For “All means all” to actually apply to neurodivergent and disabled and marginalized kids, public educators need these tools.
To avoid building behaviorism and bias into our systems, tech workers need these tools.
Everyone working with other people need these tools.
Neurodiversity and the social model for bodyminds are about the “foregrounding of complexity as the baseline.”
I foreground all of this to underscore that there is a neurological difference, or a spectrum of neurology, that must be attended to. The movement for neurodiversity is not interested in homogenizing experience. We are different and we require different accommodations. On the other hand, my interest is not in the neural per se, which I find quickly loses its usefulness in such discussions, particularly in the ways it can be taken up in the humanities and the social sciences as an explanatory category. The neurological is only one point of departure for the question of autistic perception, and of autism more broadly.
So I would say that the concept of the neuropolitical is not particularly interesting to me. I want to support the movement for neurodiversity because I find it exciting and deeply important in its foregrounding of complexity as the baseline. And I want to think about the ways in which an engagement with neurodiversity affects how we think of the political and how we effect change. The political emphasis here is less on neurology than on the question of how normative modes of being subsumed under the unspoken category of the neurotypical organize experience, and how an engagement with neurodiversity changes the questions we ask and the actions we support.
Neurotypicality is a grounding narrative of exclusion. The neurotypical is the category to which our education systems aspire. It is the category to which our ideas of the nuclear family aspire. And, it is the category on which the concept of the citizen (and by extension participation in the nation-state and the wider global economy) is based.
In the context of education, which is the one I am most knowledgeable about, the mechanisms for upholding the neurotypical standard are everywhere in force. Every classroom that penalizes students for distributed modes of attention organizes learning according to a neurotypical norm. Every classroom that sees the moving body as the distracted body is organized according to a neurotypical norm. Every classroom that teaches predominantly for one mode of perception is organizing its learning according to a norm. Every classroom that knows in advance what knowledge looks and sounds like is working to a norm.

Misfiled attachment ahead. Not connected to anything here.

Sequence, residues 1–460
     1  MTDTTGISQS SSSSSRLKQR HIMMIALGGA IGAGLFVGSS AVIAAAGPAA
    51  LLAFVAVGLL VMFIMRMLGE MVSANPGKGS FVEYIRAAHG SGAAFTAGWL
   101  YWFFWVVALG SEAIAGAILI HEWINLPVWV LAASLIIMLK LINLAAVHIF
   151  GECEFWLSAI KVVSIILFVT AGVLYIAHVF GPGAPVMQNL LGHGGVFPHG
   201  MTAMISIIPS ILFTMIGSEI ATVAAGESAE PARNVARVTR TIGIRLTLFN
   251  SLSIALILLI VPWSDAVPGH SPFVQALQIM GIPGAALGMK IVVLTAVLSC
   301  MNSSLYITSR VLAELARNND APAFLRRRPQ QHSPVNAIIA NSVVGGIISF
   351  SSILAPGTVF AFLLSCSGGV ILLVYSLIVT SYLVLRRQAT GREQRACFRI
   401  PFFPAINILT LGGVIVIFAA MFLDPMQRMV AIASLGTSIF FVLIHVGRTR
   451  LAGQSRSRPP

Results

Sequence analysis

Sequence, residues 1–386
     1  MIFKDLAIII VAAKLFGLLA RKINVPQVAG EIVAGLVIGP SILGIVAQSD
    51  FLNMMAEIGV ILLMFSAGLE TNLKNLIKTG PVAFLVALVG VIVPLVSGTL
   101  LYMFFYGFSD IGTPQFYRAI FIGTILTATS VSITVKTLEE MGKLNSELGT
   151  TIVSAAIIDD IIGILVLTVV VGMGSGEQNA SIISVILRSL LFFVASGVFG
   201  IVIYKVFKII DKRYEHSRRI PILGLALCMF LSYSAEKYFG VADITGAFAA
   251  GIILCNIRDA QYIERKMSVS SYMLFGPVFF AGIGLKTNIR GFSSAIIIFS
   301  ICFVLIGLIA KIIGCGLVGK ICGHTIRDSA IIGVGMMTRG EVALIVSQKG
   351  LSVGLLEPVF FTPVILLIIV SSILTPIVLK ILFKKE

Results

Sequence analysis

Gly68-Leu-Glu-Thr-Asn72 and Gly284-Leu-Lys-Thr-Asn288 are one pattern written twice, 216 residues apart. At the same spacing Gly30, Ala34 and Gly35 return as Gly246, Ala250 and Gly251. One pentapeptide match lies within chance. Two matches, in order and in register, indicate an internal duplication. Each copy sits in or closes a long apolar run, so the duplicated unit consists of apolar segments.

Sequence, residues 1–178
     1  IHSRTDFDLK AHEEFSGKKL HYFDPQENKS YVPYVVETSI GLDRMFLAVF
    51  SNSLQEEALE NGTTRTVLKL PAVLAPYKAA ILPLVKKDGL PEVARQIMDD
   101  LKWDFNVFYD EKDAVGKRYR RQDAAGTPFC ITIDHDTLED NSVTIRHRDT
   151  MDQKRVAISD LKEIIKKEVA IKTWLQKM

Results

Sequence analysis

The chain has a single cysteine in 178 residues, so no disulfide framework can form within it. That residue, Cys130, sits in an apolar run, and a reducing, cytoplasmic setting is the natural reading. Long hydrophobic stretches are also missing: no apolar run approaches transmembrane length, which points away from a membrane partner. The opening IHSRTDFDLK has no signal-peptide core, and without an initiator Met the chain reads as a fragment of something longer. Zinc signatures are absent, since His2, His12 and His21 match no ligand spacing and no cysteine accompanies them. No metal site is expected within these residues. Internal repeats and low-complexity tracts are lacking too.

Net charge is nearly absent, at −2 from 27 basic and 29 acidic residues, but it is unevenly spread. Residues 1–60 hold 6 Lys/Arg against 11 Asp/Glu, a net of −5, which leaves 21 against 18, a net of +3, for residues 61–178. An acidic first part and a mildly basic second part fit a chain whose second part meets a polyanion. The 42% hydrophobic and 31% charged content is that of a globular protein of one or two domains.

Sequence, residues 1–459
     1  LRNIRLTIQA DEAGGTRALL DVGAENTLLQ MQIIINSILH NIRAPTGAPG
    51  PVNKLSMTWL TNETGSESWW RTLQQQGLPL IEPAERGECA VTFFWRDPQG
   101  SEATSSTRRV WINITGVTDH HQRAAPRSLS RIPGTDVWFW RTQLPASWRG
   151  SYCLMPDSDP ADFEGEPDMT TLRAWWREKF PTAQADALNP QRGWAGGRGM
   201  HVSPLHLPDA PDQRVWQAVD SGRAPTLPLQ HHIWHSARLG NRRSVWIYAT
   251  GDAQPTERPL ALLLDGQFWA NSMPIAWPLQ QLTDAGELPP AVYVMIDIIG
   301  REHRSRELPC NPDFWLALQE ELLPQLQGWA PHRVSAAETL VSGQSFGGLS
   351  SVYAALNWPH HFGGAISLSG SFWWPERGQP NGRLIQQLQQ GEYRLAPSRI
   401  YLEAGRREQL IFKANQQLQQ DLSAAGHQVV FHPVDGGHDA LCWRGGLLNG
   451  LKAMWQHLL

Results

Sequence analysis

Intelligence, understood as the performance of a certain kind of knowledge acquisition and presentation, is built on the scaffold of neurotypicality as the unspoken norm. To speak of the normative tendencies of education is not new. My concern is with what remains largely unspoken in that conversation. Having “special needs” classrooms upholds neurotypicality, for instance, as the dominant model of existence. Drugging our children because of their attention deficit is upholding a neurotypical norm. Sending our black and indigenous children to juvenile detention centers in disproportionate numbers is upholding a neurotypical norm which takes, as neurotypicality always does, whiteness as the standard.
To engage with neurodiversity is to speak up about the extraordinary silence around neurotypicality and to acknowledge that we do not question ourselves enough as regards what kinds of bodies are welcomed and supported in education, and in social life more broadly. It is still far too rare that we discuss neurotypicality as that which frames our ways of knowing, of presenting ourselves, of being bodies in the world.
Source: Histories of Violence: Neurodiversity and the Policing of the Norm – Los Angeles Review of Books
“We’re advancing inclusive design now in Tech — which means that everyone’s individual identity and/or state will compete with each others’. Working collaboratively needs to become the norm.”
Source: John Maeda’s #DesignInTech